Working with me
PhD and MS students
I am looking to work with students from all background (first generation students, and students from underrepresented and marginalized groups are encouraged to apply) and at all level (undergraduate students, master’s students, and PhD students).
Please, visit the prospective applicant page on UBC website and on the CS website.
You can also find information about: financial support, application fee waivers, and minimum requirements for admission into graduate studies.
Don’t hesitate to get in touch with me via e-mail but, please, do read the following suggestions before doing so.
A few facts
- You must apply online.
- Do check the application deadline on UBC’s website.
- The department starts processing applications in January for the next academic year.
- Students are admitted by the department, not by individual faculty members.
- Even if you are well fitted for my group, I cannot guarantee admission.
- Have a look at my publications.
- Identify matching interests.
- Understand that I will not supervise students outside of my area of expertise.
- Find a set of papers which aligns with your interests.
- Read the abstracts.
- Read at least one paper in full.
- Why do you want to work with me? (one paragraph)
- Why do you want to work on this topic? (one paragraph)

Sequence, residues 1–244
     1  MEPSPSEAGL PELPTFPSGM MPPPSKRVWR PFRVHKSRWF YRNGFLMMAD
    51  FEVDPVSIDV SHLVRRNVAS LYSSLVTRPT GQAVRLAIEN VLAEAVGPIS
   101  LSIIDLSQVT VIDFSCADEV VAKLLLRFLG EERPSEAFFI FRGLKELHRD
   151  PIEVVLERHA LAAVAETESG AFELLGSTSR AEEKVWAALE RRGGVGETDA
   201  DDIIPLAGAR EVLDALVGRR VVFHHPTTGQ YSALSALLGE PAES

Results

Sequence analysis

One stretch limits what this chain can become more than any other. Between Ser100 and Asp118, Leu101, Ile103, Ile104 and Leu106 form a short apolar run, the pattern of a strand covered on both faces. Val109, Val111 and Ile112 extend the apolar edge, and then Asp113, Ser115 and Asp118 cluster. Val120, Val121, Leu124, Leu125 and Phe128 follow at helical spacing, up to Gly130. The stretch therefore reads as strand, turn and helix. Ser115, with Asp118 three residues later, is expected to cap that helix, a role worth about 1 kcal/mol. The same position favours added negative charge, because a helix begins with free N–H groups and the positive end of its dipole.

- Which paper(s) did you read and why did you find it interesting? (one paragraph)
- Previous research experience (if any)
- What research would you like to pursue during your degree?
- Summary of your undergraduate/master thesis (if any)
Statement of Intent
- Check the guidelines on the department website
- The relationship between a student and their advisor is an extremely important one and it will hopefully last for years
- The commonality of interest should be clear from your statement
- Listing half a dozen potential advisors from very different areas is most probably detrimental to your application
- On the other hand, co-supervision is common and can be very positive
- Therefore, link clearly potential advisors to your experience and your aspirations
- Everything else being equal, an applicant that understands and shows why they should be working with a specific advisor are more likely to be successful
- This is my personal opinion and may not be universally true
Past students (position held after graduation)
- Bogdan Stelea (MEng, Bristol), 2021, Software Engineer, Amazon.
- Josh Turner (MEng, Bristol), 2021, Software Engineer, Amiosec.
- Chetankumar Mistry (MEng, Bristol), 2020, Software Engineer, ARM.
- Xiaoxiao Wu (MSc, Bristol), 2020, Consultant, Deloitte.
- Yangyang Teng (MSc, Bristol), 2019, Data Analyst, Bloomberg.
- Ziying Shao (BSc, Bristol), 2019, UG Researcher, Beijing Institute of Big Data Research.